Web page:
Former Elected Union Official Pleads Guilty to Helping to Conceal Extortion Scheme
A former official of the Operating Engineers Local 324, International Union of Operating Engineers, pleaded guilty today to helping to conceal extortion by another union official, U.S. Attorney Barbara L. McQuade announced today.
McQuade was joined in the announcement by James Vanderberg, Special Agent in Charge for the U.S. Department of Labor, Office of Inspector General, Office of Labor Racketeering and Fraud Investigations in Chicago, Paul M. Abbate, Special Agent in Charge of the FBI Detroit Field Office, and Ian Burg, District Director of the Department of Labor, Office of Labor Management Standards.
David Hart, 42, of East China Township, Michigan, the former elected Financial Secretary and Chief of Staff of Local 324, entered the guilty plea today before U.S. District Judge Bernard A. Friedman.
Hart admitted that between 2003 and 2012, he was aware of an extortion scheme perpetrated by another elected union official, for whom Hart worked. This union official forced union business agents and other employees to each pay more than $5,000 of their salaries into a fund that was to be used to pay for the re-election expenses of the union official. This union official, referred to as “Union Official A” in Hart’s plea agreement, threatened to fire union employees who refused to make weekly payments into the fund. In addition, the union official caused at least two union employees to be fired from their jobs because they complained about the weekly payments. Hart was aware of this extortion scheme by his boss at Operating Engineers Local 324, and Hart acted to conceal the crime by assisting the other union official in transferring money out of the fund and to the union official and others.
Hart has agreed to pay $37,000 in restitution because of his involvement in the scheme. Operating Engineers Local 324 represents more than 18,000 individuals operating construction cranes and other heavy equipment across the State of Michigan.
Based on his guilty plea, Hart is facing a maximum of three years in prison and a fine of up to $250,000.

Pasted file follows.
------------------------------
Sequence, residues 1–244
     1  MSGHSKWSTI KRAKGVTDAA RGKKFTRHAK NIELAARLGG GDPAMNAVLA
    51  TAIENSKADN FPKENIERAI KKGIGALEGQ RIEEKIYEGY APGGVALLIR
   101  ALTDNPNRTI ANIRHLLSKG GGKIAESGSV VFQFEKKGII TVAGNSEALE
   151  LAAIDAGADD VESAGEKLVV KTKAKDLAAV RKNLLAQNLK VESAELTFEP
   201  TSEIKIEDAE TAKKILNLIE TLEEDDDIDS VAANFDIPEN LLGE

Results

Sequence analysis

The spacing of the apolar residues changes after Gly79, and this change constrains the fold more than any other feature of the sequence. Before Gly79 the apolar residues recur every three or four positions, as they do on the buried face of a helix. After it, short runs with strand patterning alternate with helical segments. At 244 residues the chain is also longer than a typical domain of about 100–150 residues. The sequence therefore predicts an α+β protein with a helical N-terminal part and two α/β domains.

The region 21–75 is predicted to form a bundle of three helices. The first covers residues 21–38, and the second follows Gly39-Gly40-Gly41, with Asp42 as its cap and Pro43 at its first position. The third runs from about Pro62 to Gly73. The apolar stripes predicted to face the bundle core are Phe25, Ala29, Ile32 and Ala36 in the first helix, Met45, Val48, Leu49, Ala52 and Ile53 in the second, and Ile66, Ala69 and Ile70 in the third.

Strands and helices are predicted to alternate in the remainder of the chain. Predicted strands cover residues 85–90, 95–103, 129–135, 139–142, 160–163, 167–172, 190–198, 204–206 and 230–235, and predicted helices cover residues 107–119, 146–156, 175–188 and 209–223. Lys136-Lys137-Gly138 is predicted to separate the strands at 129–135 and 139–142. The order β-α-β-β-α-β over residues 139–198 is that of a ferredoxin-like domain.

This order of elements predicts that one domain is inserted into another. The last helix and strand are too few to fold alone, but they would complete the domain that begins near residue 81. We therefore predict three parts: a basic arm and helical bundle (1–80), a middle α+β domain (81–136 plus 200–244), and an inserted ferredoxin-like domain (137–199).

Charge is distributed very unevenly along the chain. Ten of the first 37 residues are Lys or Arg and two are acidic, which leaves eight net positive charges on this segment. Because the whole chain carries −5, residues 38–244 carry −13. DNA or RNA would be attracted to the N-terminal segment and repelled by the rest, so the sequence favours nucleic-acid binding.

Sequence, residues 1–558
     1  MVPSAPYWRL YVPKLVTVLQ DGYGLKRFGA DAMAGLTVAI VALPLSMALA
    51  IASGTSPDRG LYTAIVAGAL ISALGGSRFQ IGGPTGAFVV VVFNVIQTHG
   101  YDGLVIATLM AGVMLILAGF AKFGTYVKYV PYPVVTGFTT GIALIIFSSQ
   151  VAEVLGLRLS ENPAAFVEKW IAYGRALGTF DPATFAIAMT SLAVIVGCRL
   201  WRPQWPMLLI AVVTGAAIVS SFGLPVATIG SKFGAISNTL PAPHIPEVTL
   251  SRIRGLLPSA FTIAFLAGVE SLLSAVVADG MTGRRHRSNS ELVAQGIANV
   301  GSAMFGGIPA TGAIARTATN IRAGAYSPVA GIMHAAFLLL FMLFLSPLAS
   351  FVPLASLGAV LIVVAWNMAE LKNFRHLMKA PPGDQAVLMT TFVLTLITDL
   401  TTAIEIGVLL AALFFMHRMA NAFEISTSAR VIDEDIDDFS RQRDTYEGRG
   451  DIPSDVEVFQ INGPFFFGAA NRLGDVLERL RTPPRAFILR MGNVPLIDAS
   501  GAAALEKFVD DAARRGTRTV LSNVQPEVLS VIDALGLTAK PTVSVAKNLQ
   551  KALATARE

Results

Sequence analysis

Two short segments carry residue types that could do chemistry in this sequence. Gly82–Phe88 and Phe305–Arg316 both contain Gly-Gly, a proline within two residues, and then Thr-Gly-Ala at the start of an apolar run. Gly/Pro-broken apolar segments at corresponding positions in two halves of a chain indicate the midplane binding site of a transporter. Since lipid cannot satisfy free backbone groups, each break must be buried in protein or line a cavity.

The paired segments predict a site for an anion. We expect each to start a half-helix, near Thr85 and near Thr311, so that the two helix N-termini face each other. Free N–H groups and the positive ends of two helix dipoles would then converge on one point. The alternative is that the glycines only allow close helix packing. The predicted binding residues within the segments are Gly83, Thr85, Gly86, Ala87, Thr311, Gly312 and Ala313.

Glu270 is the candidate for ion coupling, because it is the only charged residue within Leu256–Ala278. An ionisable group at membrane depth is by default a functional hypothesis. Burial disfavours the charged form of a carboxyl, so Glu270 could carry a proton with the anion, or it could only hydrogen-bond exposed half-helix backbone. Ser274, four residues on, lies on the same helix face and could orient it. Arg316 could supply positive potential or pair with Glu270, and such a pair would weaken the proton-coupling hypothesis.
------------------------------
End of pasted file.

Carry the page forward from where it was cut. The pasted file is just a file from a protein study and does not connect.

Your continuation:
“Corruption has no place in union leadership,” McQuade said. “Working men and women should expect their elected union leaders to act in their best interests, and not to profit from their positions of leadership.”
“Union officials who actively conceal union based crimes not only violate the law, but also deprive their union members of honest representation. This office will continue to work with our law enforcement partners to combat these types of crime,” stated James Vanderberg, Special Agent in Charge for the U.S. Department of Labor, Office of Inspector General, Office of Labor Racketeering and Fraud Investigations in Chicago.
“Union officials who criminally abuse their positions of trust to further their own selfish interests harm the very same hard-working people they purport to serve,” stated Paul M. Abbate, Special Agent in Charge of the FBI Detroit Field Office. “FBI Detroit, in lockstep with its law enforcement partners, will continue to pursue those who corrupt our labor unions and bring these perpetrators to justice.”
The case was investigated by agents of the Department of Labor, Office of Inspector General, Office of Labor Racketeering and Fraud Investigations; the Office of Labor Management Standards; the Employee Benefits Security Administration; the Internal Revenue Service—Criminal Investigations; and the Federal Bureau of Investigation. It is being prosecuted by Assistant United States Attorneys David A. Gardey and Dawn Ison.